FIG. 1. Simplified flow diagram of the mercaptan oxidation operating unit.
FIG. 1. Simplified flow diagram of the mercaptan oxidation operating unit.


The process first extracts mercaptan sulfur (RSH-S) by contacting the hydrocarbon stream with a caustic solution. The aqueous sodium mercaptide is then catalytically oxidized at low temperatures (100°F–110°F) to a disulfide (RSSR) in a caustic environment. The disulfide is then separated from the caustic in the regeneration section of the unit. The reaction sequence is summarized in FIG. 2.

FIG. 2. Reaction sequence in the mercaptan oxidation unit.
FIG. 2. Reaction sequence in the mercaptan oxidation unit.


Motiva frequently experienced catalyst injection system plugging problems prior to using the next-generation catalyst. Plugging is a serious concern because the concentration of the catalyst in the circulating caustic is vital to properly oxidize the sodium mercaptide, regenerate the circulating caustic and produce on-spec product. Without the proper concentration of oxidizing catalyst in the system, the caustic cannot regenerate and the feed mercaptans cannot be effectively extracted.

Motiva isolated the catalyst addition system and took it offline during plugging events, forcing operations to manually inject the catalyst in batches. The treated product did not meet specifications every 3 mos–6 mos because insufficient catalyst makeup resulted in low catalyst concentration in the caustic. This unreliable operation forced the refinery to incur costs of high acid consumption from sulfur contamination in downstream alkylation and propylene recovery units.

The next-generation catalyst

The authors’ company developed a solution for these challenges by introducing its next-generation mercaptan oxidation catalystb. This catalyst is a seamless drop-in replacement with a lower viscosity. Other benefits include:

  • High catalyst activity and lower freeze point
  • Selective for mercaptan oxidation
  • Easy handling and ready to use.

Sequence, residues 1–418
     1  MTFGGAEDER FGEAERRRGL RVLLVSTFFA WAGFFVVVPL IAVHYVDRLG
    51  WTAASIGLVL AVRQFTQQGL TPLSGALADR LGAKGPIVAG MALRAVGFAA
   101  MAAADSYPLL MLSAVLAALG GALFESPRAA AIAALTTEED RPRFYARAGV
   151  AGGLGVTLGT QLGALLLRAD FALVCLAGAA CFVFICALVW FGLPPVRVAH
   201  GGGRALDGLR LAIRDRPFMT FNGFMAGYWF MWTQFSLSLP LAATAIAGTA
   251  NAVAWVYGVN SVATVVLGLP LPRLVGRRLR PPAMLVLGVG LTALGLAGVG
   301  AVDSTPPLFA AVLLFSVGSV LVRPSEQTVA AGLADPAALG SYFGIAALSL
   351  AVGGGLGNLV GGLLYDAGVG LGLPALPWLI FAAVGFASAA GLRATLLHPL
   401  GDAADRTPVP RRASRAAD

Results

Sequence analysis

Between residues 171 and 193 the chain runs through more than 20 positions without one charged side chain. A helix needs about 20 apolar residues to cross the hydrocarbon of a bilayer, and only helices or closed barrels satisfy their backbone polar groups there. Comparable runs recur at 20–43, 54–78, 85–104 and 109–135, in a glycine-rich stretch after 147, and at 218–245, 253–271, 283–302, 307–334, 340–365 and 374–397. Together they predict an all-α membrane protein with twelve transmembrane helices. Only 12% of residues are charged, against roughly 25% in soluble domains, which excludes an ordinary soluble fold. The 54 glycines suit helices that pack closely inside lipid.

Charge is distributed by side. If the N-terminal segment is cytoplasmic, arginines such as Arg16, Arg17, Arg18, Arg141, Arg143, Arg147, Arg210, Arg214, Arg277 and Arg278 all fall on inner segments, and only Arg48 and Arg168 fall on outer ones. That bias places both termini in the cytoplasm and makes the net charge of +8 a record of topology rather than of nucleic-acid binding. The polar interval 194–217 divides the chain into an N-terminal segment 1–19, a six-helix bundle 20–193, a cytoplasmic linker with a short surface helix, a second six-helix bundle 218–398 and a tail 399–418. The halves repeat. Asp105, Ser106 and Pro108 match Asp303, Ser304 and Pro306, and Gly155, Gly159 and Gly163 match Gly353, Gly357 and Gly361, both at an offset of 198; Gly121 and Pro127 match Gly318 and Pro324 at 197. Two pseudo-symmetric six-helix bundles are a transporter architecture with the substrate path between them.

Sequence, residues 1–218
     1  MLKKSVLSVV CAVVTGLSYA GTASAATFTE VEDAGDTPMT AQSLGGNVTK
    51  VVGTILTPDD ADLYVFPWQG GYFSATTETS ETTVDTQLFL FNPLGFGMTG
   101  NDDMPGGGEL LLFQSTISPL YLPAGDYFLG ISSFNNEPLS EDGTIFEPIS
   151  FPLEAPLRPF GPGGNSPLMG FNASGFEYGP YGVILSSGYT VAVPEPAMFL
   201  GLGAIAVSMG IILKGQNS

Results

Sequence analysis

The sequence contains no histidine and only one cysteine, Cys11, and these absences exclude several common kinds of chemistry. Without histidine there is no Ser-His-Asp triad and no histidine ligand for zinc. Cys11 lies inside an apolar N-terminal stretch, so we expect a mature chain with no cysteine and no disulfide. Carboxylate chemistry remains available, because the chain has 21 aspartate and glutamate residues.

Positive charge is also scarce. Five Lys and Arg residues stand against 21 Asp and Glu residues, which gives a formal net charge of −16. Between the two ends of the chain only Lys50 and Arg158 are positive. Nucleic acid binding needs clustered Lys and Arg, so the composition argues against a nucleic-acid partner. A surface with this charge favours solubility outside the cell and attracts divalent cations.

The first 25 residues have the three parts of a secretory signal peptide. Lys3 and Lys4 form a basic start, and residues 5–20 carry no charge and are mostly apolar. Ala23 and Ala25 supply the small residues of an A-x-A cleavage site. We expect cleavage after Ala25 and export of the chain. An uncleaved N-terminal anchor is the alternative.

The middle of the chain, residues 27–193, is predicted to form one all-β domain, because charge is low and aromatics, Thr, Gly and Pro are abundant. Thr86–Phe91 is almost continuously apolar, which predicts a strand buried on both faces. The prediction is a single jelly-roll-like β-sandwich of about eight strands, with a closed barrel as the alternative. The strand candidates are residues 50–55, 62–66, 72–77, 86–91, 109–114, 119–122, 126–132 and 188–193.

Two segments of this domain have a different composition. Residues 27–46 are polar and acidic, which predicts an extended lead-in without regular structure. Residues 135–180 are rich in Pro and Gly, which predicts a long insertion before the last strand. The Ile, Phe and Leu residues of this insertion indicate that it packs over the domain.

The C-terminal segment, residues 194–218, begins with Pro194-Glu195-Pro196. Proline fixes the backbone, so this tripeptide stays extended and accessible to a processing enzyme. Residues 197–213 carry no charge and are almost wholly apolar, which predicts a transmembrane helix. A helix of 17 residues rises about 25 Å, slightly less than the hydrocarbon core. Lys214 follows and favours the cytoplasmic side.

While Motiva’s coker LPG unit was one of the first to demonstrate the effectiveness and benefits of the new catalyst, it has been successfully implemented in more than 45 operating commercial units on lighter-molecular-weight hydrocarbon streams, such as condensate LPG, FCC LPG and coker LPG.

Demonstration test and commercial operation

Motiva and the authors’ company conducted a 25-d demonstration test of the new catalyst. The authors’ company provided onsite assistance for the duration of the test, which included daily monitoring of unit operation, troubleshooting and optimization.

FIG. 3 depicts an onstream comparison of product mercaptan for the previous-generation catalyst (gray) vs. the latest-generation catalyst (blue). The gray line’s data shows the effects of inconsistent catalyst injection. Total product mercaptan levels spiked three times to levels in the 40 wppm–80 wppm range. It took days to bring the product back on spec to less than 5 wppm. However, once the new-generation catalyst was introduced through the pumped catalyst injection system, the refinery immediately reported stable operation and a reduction in product mercaptan. Note: The only spike in total product mercaptan during the latest-generation catalyst demo occurred for a reason completely unrelated to catalyst injection plugging. A combination of cold weather and a lack of insulation on the oxidizer caused the spike. Based on the results, Motiva decided to purchase the new catalyst for continued use.

FIG. 3. Commercial demonstration: Previous mercaptan oxidation catalyst (gray) vs. the new-generation catalyst (blue).
FIG. 3. Commercial demonstration: Previous mercaptan oxidation catalyst (gray) vs. the new-generation catalyst (blue).


Process optimization during a seamless turnaround without downtime